The revolution in volcano deformation studies as a result of InSAR comes from the ability to routinely image deformation at nearly all of the world’s volcanoes with an accuracy of a few millimetres to a few centimetres. Even so, volcanoes can deform very rapidly (e.g. Fig. 2) and the repeat time between satellite overpasses may be too long to capture these temporal changes, particularly as the amount of data available for a given volcano varies widely. In some areas, images are collected during every overpass, while in others, data may never have been acquired by certain satellites. Furthermore, data from some satellites are available at no cost (such as the European Space Agency’s Sentinel mission), whereas imagery from other satellites can cost thousands of dollars. One way to overcome this limitation is to use all available satellites in the international constellation. Although the data from the different missions cannot be directly combined, using more satellites increases the frequency of ground observations and, thus, the ability to detect transient events.
Ground sensors complement InSAR observations and can be used to evaluate or correct uncertainties. The most commonly applied is the continuous global navigation satellite system (GNSS), which uses signals from the GPS and other navigation satellites to measure 3-D changes in co-ordinates. Rather than relying on the transmitted code used by cell phones and other domestic systems, geodetic GNSS receivers use the phase of the transmitted signal to achieve sub-millimetre accuracy (Dzurisin 2006). Other ground-based systems (tiltmeters, strainmeters, ground-based radar, levelling and triangulation surveys) (Dzurisin 2006) are useful where available, but their use is limited to a handful of volcanoes, and it is not possible to tell how widespread the observed processes are. Ground observations that are collected continuously are especially valuable because they overcome the gaps between satellite InSAR measurements.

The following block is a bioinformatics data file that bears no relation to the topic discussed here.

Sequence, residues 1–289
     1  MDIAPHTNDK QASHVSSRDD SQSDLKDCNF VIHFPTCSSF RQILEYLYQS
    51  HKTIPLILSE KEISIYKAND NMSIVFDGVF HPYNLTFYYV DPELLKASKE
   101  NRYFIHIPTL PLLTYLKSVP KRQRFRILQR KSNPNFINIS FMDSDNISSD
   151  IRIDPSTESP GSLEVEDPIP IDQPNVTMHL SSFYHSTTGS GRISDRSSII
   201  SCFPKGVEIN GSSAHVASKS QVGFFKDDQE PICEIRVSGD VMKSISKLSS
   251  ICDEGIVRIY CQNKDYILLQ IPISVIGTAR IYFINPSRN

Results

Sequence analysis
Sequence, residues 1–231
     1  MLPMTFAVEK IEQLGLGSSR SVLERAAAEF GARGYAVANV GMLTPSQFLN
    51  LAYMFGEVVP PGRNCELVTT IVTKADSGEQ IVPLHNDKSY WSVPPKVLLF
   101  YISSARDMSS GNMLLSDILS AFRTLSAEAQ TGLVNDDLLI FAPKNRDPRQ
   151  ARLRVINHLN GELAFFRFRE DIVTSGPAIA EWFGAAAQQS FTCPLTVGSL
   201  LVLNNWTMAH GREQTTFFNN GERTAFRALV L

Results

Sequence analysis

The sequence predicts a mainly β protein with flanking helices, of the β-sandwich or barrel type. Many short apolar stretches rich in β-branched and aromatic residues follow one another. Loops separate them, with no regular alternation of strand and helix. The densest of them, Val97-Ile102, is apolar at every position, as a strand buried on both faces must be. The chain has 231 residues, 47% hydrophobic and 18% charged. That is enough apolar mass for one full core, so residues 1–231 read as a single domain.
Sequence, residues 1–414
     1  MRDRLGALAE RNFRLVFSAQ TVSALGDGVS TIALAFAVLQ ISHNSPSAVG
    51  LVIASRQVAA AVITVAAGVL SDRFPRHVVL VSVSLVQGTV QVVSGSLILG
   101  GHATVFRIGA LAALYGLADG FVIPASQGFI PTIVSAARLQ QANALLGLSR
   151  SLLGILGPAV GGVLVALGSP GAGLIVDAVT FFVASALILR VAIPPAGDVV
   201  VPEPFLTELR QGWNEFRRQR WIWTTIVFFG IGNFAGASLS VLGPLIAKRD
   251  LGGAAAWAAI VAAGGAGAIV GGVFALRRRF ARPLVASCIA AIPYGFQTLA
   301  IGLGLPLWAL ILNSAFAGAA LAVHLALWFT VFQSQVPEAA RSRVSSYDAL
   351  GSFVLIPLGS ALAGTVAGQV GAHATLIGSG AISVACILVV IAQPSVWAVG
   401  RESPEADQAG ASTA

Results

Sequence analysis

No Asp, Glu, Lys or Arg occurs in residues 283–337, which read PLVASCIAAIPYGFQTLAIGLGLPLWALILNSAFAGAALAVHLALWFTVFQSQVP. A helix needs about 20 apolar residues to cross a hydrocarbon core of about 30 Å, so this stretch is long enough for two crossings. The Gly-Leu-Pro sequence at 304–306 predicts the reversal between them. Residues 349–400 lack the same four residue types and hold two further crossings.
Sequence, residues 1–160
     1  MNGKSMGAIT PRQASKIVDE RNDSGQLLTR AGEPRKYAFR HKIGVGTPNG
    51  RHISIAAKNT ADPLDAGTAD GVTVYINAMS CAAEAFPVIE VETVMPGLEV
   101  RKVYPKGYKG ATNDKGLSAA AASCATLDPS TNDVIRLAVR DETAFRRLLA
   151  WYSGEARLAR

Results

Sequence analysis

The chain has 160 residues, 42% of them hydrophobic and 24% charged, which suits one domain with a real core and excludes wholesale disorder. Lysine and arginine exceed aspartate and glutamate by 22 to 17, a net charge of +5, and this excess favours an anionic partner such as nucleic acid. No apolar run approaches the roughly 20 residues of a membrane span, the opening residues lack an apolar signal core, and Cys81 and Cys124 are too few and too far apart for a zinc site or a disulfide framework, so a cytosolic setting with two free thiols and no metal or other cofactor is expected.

Diversity of deforming volcanoes
A variety of processes can cause ground deformation at volcanoes: magma movements, landslides, faults, hydrothermal systems, and thermal or thermodynamic volume changes from heating, cooling, melting or crystallization (e.g. Dzurisin et al. 2006). Nevertheless, certain patterns of ground deformation can, to a limited extent, be diagnostic of specific physical process, e.g. a dyke intrusion, cooling lava/pyroclastic flow, or pressurizing ‘magma reservoir’, all of which have distinct patterns of ground displacement viewed with InSAR (Fig. 1A-E). Complexities arise depending on the direction the satellite is looking relative to the ground displacement (e.g. Dzurisin et al. 2006) and when multiple processes occur at nearly the same time (Figs. 1F, 1G). In this section, we describe some commonalities between deforming volcanoes and global patterns in the types of processes that produce ground deformation.
The Classic Volcano Deformation Cycle
Prior to an eruption, according to the classic model of the ‘volcano deformation cycle’, magma gradually inflates a magma chamber directly beneath the volcanic edifice until a threshold is reached at which point the chamber ruptures and an eruption rapidly empties and deflates the chamber (e.g. Dzurisin et al. 2006). The inflation phase causes uplift of the ground surface and large numbers of small earthquakes (volcano-tectonic seismicity), while eruption is accompanied by rapid subsidence (Fig. 3A). To a first approximation, this pattern of co-eruptive subsidence and inter-eruptive uplift has been observed at a number of volcanoes with different characteristic length scales and timescales and has been used to provide eruption forecasting in a number of cases (e.g. references in Dzurisin et al. 2006; Fournier et al. 2010). However, the recent explosion in volcano monitoring data has demonstrated that the classic model is an oversimplification. Many volcanoes just do not behave in this way. Furthermore, a simple, large, liquid-filled magma chamber is not compatible with modern geological or petrological observations. Nonetheless, the classic model of the volcano deformation cycle remains a useful concept from which to start.
Long-lived eruptions and intrusions provide an alternative opportunity to observe repeated cycles of behaviour. For example, the multi-decadal eruptions of Soufrière Hills Volcano (SHV) on Montserrat (an andesitic stratovolcano in the Caribbean) and Kilauea (Hawai’i USA) (a basaltic shield volcano) have served as test-beds for new ideas and new monitoring systems. Global positioning system instruments at SHV observed a simple first-order pattern: when lava is erupting rapidly, the surface subsides; during periods of no extrusion, it inflates (Wadge et al. 2014). Similar patterns have been observed at volcanoes with multiple, distinct eruptions, such as Fernandina in the Galapagos (e.g. Pinel et al. 2014) and Okmok (Alaska, USA) (e.g. Lu and Dzurisin 2014). However, close inspection of the time series shows that inter-eruptive uplift is interrupted by short reversals that are not associated with any magma output at the surface. At Okmok, these reversals have been attributed to pulses of gas loss or re-absorption (e.g. Caricchi et al. 2014).